While the psychological literature shows that perceptions of uncontrollability contribute to anxiety and other pathologies,
interventions that enhance perceived control have been shown to reduce anxiety. This study attempted to assess a brief videotape to
enhance child perceived control in a dental setting.
101 children aged 7-9 years completed warm-up procedures and
viewed either: a) the experimental intervention, a 2 minutes video of a dentist explaining what an injection will feel like and proposing
hand raising as a signal mechanism; or b) the control condition, a 2 minutes video of Disneyland. Fear of dental injections was assessed
on a 10 cm visual analogue scale before and after the intervention.
In the experimental group there was a significant fear
reduction from pre- to post-intervention, while this was not the case in the control group. Children with higher pre-existing levels of fear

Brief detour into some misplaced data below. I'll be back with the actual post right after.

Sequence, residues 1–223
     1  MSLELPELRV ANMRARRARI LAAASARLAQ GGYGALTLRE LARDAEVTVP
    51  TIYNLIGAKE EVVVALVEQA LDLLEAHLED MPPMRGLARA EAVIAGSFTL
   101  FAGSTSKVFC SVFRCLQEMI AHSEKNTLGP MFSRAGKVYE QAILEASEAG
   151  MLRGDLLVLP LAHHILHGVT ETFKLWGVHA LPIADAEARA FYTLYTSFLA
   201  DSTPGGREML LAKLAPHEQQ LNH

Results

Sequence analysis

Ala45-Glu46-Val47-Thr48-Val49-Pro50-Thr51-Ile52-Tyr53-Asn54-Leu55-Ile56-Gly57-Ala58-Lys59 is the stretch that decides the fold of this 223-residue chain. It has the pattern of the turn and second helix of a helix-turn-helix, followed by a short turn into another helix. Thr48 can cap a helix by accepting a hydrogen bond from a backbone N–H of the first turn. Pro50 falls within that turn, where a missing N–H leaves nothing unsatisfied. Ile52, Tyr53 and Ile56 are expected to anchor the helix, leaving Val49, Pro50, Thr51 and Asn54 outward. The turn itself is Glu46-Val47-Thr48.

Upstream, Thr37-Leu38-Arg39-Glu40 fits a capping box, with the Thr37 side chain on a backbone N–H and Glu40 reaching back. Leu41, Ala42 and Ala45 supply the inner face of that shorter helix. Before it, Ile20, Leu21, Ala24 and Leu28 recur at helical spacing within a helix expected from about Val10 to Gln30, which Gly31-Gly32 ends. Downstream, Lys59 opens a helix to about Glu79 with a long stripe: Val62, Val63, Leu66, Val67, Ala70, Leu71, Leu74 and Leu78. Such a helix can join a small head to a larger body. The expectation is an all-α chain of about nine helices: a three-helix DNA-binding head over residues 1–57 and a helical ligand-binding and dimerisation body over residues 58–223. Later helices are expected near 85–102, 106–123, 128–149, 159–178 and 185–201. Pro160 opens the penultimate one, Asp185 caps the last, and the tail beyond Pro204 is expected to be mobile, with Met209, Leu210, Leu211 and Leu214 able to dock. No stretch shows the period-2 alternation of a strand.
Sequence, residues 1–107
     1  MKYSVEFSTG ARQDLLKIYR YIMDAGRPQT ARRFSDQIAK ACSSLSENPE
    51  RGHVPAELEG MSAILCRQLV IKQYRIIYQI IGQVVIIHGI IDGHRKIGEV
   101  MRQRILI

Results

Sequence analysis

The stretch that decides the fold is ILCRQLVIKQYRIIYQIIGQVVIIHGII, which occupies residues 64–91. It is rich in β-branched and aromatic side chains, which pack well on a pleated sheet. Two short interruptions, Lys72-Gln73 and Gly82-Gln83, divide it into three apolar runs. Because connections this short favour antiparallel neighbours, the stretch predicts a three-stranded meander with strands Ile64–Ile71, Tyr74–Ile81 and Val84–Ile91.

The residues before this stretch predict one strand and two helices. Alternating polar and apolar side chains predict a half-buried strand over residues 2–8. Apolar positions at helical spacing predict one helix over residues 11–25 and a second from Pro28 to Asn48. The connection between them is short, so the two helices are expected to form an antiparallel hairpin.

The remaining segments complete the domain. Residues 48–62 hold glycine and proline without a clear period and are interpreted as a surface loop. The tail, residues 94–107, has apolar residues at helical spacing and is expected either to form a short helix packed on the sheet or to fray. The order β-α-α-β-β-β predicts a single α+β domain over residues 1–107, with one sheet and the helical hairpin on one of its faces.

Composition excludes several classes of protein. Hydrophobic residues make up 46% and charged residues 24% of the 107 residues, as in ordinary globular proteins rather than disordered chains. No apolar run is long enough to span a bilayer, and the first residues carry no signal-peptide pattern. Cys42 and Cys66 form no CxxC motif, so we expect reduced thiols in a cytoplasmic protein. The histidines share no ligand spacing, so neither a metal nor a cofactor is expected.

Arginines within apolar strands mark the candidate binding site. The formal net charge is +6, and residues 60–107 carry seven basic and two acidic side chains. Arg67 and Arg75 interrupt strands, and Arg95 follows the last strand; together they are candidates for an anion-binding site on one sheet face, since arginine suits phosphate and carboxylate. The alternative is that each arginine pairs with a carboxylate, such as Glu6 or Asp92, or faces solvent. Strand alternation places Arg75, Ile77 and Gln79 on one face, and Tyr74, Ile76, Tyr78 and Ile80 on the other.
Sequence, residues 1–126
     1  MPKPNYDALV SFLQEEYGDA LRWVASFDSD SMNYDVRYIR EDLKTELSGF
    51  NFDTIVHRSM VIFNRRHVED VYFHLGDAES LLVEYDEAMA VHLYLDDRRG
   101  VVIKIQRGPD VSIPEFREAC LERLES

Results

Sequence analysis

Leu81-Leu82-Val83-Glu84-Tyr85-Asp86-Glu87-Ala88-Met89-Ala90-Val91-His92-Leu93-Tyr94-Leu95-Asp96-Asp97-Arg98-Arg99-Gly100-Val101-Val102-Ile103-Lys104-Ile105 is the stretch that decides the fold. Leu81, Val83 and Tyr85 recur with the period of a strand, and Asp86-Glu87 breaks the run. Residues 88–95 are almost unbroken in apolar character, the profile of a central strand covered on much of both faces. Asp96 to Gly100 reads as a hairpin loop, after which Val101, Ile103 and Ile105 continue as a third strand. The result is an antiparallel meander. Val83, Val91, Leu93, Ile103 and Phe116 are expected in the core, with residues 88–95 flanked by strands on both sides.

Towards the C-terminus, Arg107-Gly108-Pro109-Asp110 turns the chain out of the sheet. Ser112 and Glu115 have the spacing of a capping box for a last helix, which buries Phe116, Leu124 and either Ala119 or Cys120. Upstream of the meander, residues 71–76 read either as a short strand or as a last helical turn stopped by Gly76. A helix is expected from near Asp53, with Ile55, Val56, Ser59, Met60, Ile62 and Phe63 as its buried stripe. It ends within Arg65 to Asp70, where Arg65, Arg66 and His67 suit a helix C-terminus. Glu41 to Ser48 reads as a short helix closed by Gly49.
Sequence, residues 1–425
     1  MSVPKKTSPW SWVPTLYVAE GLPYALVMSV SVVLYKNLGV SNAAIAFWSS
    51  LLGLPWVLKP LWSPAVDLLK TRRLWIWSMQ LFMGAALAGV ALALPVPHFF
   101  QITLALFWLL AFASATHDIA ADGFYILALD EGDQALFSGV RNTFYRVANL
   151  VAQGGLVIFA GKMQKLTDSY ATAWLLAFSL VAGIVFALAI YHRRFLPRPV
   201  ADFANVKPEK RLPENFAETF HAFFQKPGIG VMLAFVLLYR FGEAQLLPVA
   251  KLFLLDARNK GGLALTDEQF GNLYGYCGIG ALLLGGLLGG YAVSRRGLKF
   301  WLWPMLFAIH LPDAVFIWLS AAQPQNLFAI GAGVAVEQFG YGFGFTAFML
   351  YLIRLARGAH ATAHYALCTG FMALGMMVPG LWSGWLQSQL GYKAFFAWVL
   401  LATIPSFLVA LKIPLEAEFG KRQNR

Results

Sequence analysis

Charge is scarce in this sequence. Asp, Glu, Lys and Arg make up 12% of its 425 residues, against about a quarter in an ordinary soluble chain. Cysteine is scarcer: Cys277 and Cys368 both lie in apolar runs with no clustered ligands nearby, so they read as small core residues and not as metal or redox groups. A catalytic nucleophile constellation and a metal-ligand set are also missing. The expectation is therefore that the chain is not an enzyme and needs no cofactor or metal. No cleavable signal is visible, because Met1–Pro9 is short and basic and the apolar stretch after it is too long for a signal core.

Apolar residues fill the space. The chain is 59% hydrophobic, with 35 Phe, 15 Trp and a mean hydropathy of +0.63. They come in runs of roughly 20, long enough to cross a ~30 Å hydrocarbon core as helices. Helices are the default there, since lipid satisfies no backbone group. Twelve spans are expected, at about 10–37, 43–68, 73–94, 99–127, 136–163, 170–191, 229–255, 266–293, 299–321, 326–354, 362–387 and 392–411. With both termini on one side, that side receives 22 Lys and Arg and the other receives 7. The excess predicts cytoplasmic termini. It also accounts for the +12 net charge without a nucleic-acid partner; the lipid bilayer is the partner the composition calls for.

benefited more from the intervention than children with lower levels of fear.
The results of this pilot study suggest that
intervention packages that impact child control have promise in lowering anxiety.
Vol.4 – n.4/2003
Harvard: P. Weinstein, M. Raadal, S. Naidu, T. Yoshida, G. Kvale, P. Milgrom (2003) "A videotaped intervention to enhance child control and reduce anxiety of the pain of dental injections", European Journal of Paediatric Dentistry, 4(4), pp181-185. doi:
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